Making “Her” Place “Ours”

Posted: June 15, 2011 in Love and Marriage
Tags: , , , , , , , ,

Going back to the apartment in Republic to get “my stuff” was very bittersweet.  I could tell that my wife was growing tense even while we were driving down those old familiar streets.  I asked her if it was bothering her to be going back and she admitted that it was.

I could have gone by myself to do this, but I wanted her to be a part of it.  I wanted her input on what to keep and what to get rid of, but more importantly, I wanted her there when I walked into and out of that place for the last time.  When we had moved there, I thought our marriage was going to get better.  After spending all those painful nights and days in that place, I didn’t want my last time going back to be without her.

In truth, most of “our” stuff was already at the loft.  We had picked the place out together with the hope that we would be able to work things out.  With an eye to that end, we had agreed to bring those things that we would both want to have there at the time my wife moved in.  The things that were at the old apartment were mostly my clothes and some basic survival stuff for the kitchen and bathroom.

It wasn’t the things that were important.  It was the idea of making the change permanent, and restoring some of the damage that the separation had done.  It was the idea that we were now together, and always would be, so this wasn’t something that I had to do alone.  It was a necessary step on the restoration tour, and we made it short, although it certainly wasn’t sweet.

A big part of me really didn’t want to live in the loft, because I associated it with us being split up, and her pursuing her own life without me.  I had always dreamed of having a loft, but in my dreams, it was never like this.  On the other hand, it was the place where my wife had grown and changed and was still becoming the person I was now more in love with than ever before. She had done a masterful job of organizing and decorating the place, and her personality and good taste were all over it.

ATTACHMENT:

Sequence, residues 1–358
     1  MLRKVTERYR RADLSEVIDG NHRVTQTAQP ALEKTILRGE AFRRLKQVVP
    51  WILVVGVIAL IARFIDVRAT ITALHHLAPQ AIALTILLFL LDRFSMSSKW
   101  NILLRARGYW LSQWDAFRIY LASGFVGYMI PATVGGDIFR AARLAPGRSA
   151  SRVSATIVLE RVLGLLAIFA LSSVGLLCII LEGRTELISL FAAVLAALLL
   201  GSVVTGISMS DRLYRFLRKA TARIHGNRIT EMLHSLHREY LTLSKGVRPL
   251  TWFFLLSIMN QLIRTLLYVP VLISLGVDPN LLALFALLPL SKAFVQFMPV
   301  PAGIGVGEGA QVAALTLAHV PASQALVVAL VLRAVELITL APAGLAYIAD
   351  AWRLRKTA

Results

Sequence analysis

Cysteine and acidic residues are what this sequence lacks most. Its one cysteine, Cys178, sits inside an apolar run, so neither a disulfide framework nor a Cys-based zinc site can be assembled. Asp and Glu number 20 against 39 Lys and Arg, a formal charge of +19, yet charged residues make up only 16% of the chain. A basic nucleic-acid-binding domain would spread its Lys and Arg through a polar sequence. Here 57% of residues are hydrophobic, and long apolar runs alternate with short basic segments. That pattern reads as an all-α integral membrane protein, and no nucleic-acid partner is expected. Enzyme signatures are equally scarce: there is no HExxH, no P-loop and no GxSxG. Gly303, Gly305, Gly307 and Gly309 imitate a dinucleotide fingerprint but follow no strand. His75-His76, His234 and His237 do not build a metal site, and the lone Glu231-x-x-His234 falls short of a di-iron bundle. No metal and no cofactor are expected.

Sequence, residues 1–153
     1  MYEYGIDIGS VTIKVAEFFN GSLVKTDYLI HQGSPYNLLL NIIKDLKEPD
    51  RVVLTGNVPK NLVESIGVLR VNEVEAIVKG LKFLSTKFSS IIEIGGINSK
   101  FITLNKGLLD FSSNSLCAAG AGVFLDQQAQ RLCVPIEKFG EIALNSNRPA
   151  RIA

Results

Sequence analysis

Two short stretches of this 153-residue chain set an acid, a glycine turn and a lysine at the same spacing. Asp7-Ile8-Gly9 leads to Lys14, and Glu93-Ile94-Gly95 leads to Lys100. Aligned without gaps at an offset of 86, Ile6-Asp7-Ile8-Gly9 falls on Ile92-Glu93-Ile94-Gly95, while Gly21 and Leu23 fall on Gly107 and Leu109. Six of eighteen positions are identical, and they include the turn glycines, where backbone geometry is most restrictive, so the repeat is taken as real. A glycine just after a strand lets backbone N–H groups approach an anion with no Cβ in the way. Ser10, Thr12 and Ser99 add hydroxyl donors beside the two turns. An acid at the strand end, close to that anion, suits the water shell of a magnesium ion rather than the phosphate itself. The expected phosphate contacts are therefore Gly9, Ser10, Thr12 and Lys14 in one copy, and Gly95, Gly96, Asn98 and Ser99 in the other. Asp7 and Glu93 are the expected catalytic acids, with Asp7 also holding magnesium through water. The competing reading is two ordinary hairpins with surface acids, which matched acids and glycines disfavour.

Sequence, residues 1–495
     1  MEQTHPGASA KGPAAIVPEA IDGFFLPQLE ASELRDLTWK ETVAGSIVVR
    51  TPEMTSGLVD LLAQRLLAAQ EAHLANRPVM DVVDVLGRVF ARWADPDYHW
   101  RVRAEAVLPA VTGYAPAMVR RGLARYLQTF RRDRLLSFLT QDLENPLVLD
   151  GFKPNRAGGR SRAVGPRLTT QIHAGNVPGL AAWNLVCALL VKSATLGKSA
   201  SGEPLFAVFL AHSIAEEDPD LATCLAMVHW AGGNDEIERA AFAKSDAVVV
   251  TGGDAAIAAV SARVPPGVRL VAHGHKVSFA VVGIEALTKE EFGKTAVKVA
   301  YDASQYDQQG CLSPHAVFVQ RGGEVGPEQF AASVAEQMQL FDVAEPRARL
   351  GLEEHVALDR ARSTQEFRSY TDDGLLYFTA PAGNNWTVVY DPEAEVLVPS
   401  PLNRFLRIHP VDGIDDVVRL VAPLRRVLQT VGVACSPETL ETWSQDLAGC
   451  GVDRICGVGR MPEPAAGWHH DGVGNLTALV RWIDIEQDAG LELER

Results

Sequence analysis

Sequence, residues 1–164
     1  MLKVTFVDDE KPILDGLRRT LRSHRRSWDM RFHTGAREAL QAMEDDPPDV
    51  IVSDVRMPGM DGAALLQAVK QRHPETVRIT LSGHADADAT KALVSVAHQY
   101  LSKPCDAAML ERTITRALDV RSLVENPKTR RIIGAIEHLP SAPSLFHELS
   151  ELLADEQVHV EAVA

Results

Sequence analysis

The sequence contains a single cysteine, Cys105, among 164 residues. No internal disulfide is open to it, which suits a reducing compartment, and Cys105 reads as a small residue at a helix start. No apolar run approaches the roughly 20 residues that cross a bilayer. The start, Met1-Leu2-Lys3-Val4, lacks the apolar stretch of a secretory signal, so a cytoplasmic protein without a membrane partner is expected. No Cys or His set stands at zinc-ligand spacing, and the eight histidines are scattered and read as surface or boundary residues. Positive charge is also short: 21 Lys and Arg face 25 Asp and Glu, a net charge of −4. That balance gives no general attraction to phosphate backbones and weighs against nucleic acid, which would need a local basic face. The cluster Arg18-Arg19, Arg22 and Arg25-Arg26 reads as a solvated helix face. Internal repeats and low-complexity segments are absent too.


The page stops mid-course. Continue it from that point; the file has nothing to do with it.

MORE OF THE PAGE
One of the things I had vowed to myself when we got back together was that I would be there to give to her and not take from her.  Another was that I wouldn’t try to control or manipulate her.  Even without me saying much about it, she understood the need to make some changes.  She knew that my mental and emotional health would be improved if some things about the place could be made different.

It was great to rearrange the furniture, change some things about the decor and the atmosphere, and feel the support from my wife as we began to slowly make the loft “ours.”  I wasn’t going to demand that any changes be made, and she was more than willing to try to make me feel more comfortable about living there.  I’m a visual person, so being able to walk in and see something different from what I used to see while we were split up was important.

That’s really what’s at the heart of the entire restoration tour.  Changing negative associations into positive ones.  We can’t go back and undo what’s been done.  We can’t take magic wands and pull certain memories out of our heads.  Some part of us will always know things we wish we didn’t, and will always remember things that we wish had never happened.

Restoration isn’t about denial.  It’s about repairing, strengthening, and replacing.  You don’t try to hide what’s wrong with an old house that needs work, so that you can pretend the years haven’t taken a toll.  You identify everything that isn’t as it should be and you make it right.  So it is with our marriage.  We don’t try to pretend the damage never occurred, but we don’t accept that we have to live with it either.  Much like the prayer of the addict, we are hard at work on accepting the things we cannot change, and changing the things we can.

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